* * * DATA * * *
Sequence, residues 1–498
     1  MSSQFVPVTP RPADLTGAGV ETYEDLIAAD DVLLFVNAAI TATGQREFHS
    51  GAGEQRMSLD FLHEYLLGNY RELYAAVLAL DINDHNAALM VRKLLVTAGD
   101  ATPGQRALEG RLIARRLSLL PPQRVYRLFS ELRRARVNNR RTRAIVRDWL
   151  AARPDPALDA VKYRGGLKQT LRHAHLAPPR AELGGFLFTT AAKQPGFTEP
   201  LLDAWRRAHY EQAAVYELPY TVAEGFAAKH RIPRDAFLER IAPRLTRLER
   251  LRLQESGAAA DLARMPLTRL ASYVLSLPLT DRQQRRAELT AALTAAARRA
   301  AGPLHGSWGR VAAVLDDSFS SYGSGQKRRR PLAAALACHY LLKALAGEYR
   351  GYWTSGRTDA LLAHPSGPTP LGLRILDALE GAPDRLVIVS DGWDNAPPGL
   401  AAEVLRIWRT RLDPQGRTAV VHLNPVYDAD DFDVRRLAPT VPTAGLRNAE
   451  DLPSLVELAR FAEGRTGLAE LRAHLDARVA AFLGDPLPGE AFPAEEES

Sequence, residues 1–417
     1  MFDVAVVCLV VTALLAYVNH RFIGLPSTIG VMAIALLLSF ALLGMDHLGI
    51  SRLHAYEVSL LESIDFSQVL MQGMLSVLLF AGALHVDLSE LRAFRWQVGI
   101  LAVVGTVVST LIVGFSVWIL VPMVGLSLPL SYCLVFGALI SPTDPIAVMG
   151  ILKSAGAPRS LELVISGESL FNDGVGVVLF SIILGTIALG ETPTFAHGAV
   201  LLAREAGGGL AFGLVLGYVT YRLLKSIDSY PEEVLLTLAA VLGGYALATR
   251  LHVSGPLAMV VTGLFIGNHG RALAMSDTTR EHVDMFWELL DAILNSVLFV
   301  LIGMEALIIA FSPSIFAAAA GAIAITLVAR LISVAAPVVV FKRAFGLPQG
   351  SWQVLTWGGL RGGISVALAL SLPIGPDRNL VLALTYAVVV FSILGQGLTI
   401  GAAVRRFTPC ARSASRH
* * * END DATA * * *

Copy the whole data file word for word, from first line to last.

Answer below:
Sequence, residues 1–498
     1  MSSQFVPVTP RPADLTGAGV ETYEDLIAAD DVLLFVNAAI TATGQREFHS
    51  GAGEQRMSLD FLHEYLLGNY RELYAAVLAL DINDHNAALM VRKLLVTAGD
   101  ATPGQRALEG RLIARRLSLL PPQRVYRLFS ELRRARVNNR RTRAIVRDWL
   151  AARPDPALDA VKYRGGLKQT LRHAHLAPPR AELGGFLFTT AAKQPGFTEP
   201  LLDAWRRAHY EQAAVYELPY TVAEGFAAKH RIPRDAFLER IAPRLTRLER
   251  LRLQESGAAA DLARMPLTRL ASYVLSLPLT DRQQRRAELT AALTAAARRA
   301  AGPLHGSWGR VAAVLDDSFS SYGSGQKRRR PLAAALACHY LLKALAGEYR
   351  GYWTSGRTDA LLAHPSGPTP LGLRILDALE GAPDRLVIVS DGWDNAPPGL
   401  AAEVLRIWRT RLDPQGRTAV VHLNPVYDAD DFDVRRLAPT VPTAGLRNAE
   451  DLPSLVELAR FAEGRTGLAE LRAHLDARVA AFLGDPLPGE AFPAEEES

Sequence, residues 1–417
     1  MFDVAVVCLV VTALLAYVNH RFIGLPSTIG VMAIALLLSF ALLGMDHLGI
    51  SRLHAYEVSL LESIDFSQVL MQGMLSVLLF AGALHVDLSE LRAFRWQVGI
   101  LAVVGTVVST LIVGFSVWIL VPMVGLSLPL SYCLVFGALI SPTDPIAVMG
   151  ILKSAGAPRS LELVISGESL FNDGVGVVLF SIILGTIALG ETPTFAHGAV
   201  LLAREAGGGL AFGLVLGYVT YRLLKSIDSY PEEVLLTLAA VLGGYALATR
   251  LHVSGPLAMV VTGLFIGNHG RALAMSDTTR EHVDMFWELL DAILNSVLFV
   301  LIGMEALIIA FSPSIFAAAA GAIAITLVAR LISVAAPVVV FKRAFGLPQG
   351  SWQVLTWGGL RGGISVALAL SLPIGPDRNL VLALTYAVVV FSILGQGLTI
   401  GAAVRRFTPC ARSASRH